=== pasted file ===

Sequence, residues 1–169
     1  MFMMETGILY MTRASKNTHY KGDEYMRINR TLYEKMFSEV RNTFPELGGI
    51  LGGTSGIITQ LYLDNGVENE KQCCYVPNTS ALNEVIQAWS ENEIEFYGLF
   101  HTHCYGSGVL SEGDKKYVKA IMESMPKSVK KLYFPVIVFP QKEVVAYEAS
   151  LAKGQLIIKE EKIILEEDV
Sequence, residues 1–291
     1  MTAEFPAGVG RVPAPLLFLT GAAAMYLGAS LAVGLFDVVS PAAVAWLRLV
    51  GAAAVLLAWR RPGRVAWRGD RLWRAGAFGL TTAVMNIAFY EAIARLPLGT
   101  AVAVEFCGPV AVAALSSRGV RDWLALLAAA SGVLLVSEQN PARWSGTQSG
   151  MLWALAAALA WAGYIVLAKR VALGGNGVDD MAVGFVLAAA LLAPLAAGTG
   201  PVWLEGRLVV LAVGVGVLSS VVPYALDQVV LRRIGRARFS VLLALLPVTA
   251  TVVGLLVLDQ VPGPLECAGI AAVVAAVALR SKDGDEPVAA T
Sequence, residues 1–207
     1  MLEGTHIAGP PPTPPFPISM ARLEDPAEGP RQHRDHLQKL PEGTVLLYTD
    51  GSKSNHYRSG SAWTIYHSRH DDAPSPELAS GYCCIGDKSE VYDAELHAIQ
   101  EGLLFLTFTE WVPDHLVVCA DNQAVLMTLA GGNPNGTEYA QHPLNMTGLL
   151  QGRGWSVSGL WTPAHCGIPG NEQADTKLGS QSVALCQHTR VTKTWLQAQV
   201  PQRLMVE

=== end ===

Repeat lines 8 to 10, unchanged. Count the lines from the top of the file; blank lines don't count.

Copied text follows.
    51  GAAAVLLAWR RPGRVAWRGD RLWRAGAFGL TTAVMNIAFY EAIARLPLGT
   101  AVAVEFCGPV AVAALSSRGV RDWLALLAAA SGVLLVSEQN PARWSGTQSG
   151  MLWALAAALA WAGYIVLAKR VALGGNGVDD MAVGFVLAAA LLAPLAAGTG